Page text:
Jill Hubbard Bowman is an independent intellectual property (IP) attorney with more than ten years of experience in protecting, enforcing and licensing intellectual property rights, the mother of two children, and the founder of IP Law for Startups, and Lookilulu, a website that helps girls and women see their career possibilities.
I had a dream to be a trial attorney who would fight big legal battles and win. And then my dream was derailed by a twin pregnancy that almost killed me—literally. It was a shock and awe pregnancy. It caused the death, destruction, and rebirth of my identity and legal career.
I was working as an intellectual property litigation attorney for a large law firm in Chicago when a pregnancy with twins caused my heart to fail. After fifteen years of infertility, the twin pregnancy was an unexpected surprise. Heart failure because of the pregnancy was an even bigger shock. The toll on my legal career was even more unexpected.
Although I was fortunate to survive without a heart transplant, I eventually realized that I needed a career transplant. As my heart function recovered, I valiantly tried to cling to my career dream and do the hard work I loved. But the long hours and travel necessary for trial work were too much for my physical self. I was exhausted with chronic chest pain, two clinging toddlers, and a disgruntled husband. I was tired of being tired. My law firm was exceptionally supportive but I didn’t have the stamina to keep all of the pieces of my life together.
Overwhelmed, I let go of my original dream. I backed down, retrenched, and regrouped. I took a year off from legal work to rest, recover, spend time with my toddlers, and open myself to new possibilities.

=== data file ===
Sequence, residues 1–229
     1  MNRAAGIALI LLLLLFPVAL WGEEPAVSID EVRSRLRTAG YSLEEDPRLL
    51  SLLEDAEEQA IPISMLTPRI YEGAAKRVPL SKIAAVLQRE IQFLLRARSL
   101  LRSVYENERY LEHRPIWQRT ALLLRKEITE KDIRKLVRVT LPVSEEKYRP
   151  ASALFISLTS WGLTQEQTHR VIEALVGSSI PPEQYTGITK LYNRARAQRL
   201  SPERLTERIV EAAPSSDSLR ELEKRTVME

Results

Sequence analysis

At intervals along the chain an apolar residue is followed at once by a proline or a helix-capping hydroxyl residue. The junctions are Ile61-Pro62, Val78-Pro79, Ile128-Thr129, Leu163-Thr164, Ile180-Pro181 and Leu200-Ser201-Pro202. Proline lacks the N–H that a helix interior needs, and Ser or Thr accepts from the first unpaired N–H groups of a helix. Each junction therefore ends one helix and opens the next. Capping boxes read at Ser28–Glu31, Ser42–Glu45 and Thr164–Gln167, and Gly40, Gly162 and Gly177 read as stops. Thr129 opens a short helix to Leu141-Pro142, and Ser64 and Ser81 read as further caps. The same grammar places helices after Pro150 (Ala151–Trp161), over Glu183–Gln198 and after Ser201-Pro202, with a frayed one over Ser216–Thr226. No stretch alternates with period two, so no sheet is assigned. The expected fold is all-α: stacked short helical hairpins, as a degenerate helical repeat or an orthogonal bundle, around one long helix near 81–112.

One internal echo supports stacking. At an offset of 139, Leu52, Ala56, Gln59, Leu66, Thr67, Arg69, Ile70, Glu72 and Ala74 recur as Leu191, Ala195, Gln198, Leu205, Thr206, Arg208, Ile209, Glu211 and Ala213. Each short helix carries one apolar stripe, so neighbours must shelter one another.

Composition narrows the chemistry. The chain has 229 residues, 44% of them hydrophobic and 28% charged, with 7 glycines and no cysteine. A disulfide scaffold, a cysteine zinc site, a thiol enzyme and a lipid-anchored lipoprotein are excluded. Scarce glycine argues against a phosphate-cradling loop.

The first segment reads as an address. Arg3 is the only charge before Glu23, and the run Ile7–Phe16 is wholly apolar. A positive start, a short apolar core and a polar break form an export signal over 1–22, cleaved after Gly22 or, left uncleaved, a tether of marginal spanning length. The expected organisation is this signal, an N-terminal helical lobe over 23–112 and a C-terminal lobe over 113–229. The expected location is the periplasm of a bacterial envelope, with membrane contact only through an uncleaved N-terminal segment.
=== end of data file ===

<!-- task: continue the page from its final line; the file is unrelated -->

During my hiatus, I rethought my legal career. I had long discussions with other women who were juggling motherhood and career dreams. I identified the things that gave me energy and passion including counseling, sharing information, and writing. I realized that I was motivated to help people, especially women, avoid suffering, whether from ignorance of the law or simply because they aren't aware of the opportunities available to them.
In my repose, I also took stock of my assets. I’m a walking treatise on intellectual property law. I’ve done intellectual property clean up and dispute resolution for many years and I’ve seen the variety of mistakes that companies make. Moreover, in over twenty-five years, I’ve learned a lot about professional careers and finding work that is fulfilling and rewarding based on individual strengths and interests.
Revitalized and healthy, I started dreaming new dreams. I saw ways that I could make a significant contribution by sharing what I’ve learned. I decided to refocus my legal practice on counseling and helping startup companies avoid liability and protect their intellectual property.
To share some of what I know, I started a blog, IPLawforStartups.com, where I teach basic lessons on trade secrets, trademarks, copyrights, and patents and give tips for avoiding the biggest blunders that destroy the value of intellectual assets. Few start-up companies, especially women-owned companies that rarely get venture capital funding, can afford the expensive hourly rates of a large law firm to the get the critical information they need. I feel deeply rewarded when I help a company create a strategy that protects the value of their company and supports their business dreams.
Further, I had the dream to help young women see their career possibilities. In partnership with my sister Julie Simmons, I created Lookilulu (see details below), a website where women share their insights, career paths, and ways they have integrated motherhood with their professional pursuits. When my sister and I were growing up on a farm, we had a hard time seeing that women could have rewarding careers. With Lookilulu we want to help young women see what we couldn't see: that dreams are not linear—they take many twists and unexpected turns.
Source: istockphoto, Chinese angel riding a phoenix
As I’ve learned the hard way, dreams change and shift as life happens. I’ve learned the value of continuing to dream new dreams after other dreams are derailed. I’m sure I’ll have many more dreams in my future. I’ve learned to be open to new and unexpected opportunities.
What are your thoughts?
How have you reshaped and redefined your dreams?